In 2022, the City of Accra, Ghana, was selected as a grantee of the Global Cities Fund for Migrants and Refugees (GCF), the MMC’s instrument to channel international funding directly to cities to implement inclusive projects of their own design.
With support from the GCF, the City of Accra is integrating more than 200 migrants waste workers into the formal economy and facilitating their access to financial inclusion services, childcare, and healthcare.
Accra is a primary destination for internal migrants within Ghana and from West Africa. Upon arrival, many migrants struggle to access livelihoods, healthcare, childcare, among other basic social services, due to language barriers, discrimination, and lack of documentation. As a result, many migrants resort to employment in the city’s informal waste management sector where they are underemployed, work in hazardous conditions, and risk criminalization. They are also disproportionately exposed to the impacts of climate change, including heat-related stress, disease, and food insecurity. Poor data collection and a lack of community engagement with the informal waste economy has hindered the City of Accra’s efforts to promote economic, financial, and social inclusion for migrant and non-migrant waste workers alike.
Accra is using the GCF grant to help migrant and non-migrant informal waste workers overcome barriers to financial inclusion, healthcare, and childcare and build resilience to climate change.
The City of Accra is surveying informal waste workers to collect disaggregated data on their economic status and access to national identification and health insurance. This data will help Accra more effectively plan and support informal waste sector actors. To formalize and deepen engagements between city authorities and the waste sector, Accra is convening multi-stakeholder platforms composed of migrant and non-migrant waste workers and community leaders.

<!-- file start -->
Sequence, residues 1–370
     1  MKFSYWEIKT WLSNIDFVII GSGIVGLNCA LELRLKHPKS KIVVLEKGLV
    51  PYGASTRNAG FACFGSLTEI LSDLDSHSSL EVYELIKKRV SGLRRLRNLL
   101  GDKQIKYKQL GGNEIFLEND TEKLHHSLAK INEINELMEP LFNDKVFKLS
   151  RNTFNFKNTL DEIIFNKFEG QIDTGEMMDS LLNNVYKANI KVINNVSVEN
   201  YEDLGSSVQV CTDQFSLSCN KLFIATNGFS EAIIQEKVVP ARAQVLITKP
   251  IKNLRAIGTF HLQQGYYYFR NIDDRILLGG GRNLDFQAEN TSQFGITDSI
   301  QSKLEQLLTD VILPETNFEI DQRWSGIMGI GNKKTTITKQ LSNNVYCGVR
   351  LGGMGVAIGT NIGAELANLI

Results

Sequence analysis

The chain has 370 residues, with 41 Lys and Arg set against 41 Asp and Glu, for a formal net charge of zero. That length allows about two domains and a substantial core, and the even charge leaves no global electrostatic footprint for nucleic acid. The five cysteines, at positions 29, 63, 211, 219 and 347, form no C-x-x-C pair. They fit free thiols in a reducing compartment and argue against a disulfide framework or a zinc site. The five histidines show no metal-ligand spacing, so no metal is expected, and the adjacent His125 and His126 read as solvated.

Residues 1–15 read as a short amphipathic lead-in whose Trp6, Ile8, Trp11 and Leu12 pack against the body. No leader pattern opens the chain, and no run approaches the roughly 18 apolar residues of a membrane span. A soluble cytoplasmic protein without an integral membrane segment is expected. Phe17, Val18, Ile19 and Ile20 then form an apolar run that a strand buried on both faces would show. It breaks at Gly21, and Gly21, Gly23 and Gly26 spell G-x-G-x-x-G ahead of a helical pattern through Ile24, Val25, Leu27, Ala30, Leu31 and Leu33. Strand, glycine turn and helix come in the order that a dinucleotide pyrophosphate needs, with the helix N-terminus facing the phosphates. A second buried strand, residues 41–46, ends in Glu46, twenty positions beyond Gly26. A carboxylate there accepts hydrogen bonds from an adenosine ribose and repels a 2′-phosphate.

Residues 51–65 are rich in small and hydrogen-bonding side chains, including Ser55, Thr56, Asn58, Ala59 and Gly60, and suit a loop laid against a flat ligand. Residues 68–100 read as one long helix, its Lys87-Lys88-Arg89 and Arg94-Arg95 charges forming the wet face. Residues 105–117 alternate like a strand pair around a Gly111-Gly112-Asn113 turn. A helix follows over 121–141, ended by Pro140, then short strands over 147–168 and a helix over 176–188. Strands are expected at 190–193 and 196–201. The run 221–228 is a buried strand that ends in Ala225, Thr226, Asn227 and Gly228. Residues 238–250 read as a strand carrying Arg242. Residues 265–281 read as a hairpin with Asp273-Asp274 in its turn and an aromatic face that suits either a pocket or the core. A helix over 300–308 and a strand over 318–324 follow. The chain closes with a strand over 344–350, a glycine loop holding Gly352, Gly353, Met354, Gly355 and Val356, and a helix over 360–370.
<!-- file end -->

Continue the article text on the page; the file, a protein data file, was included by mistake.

To promote financial inclusion and sustainable waste management practices, the City of Accra is helping over 200 informal migrant waste workers to both register for national healthcare and enroll in formal waste cooperatives. This dual approach provides migrant waste workers with access to public and private hospitals and employment protection while helping fill gaps in the city’s waste management value chain, including sorting and recycling waste. The project is also constructing a childcare center to provide safe spaces for waste workers’ children away from the hazardous sites where their parents work.
These efforts will improve quality of life and inclusion for hundreds of informal waste workers and their families while promoting inclusive city planning, climate resilience, and effective waste management across Accra.
Elizabeth K. T. Sackey, Mayor of Accra, Ghana
The Global Cities Fund will allow us to better understand the experiences of Accra’s migrant communities, especially those displaced by the climate crisis, and mold our services around their needs.
Stay tuned for more impact updates at the end of Accra’s GCF grant term!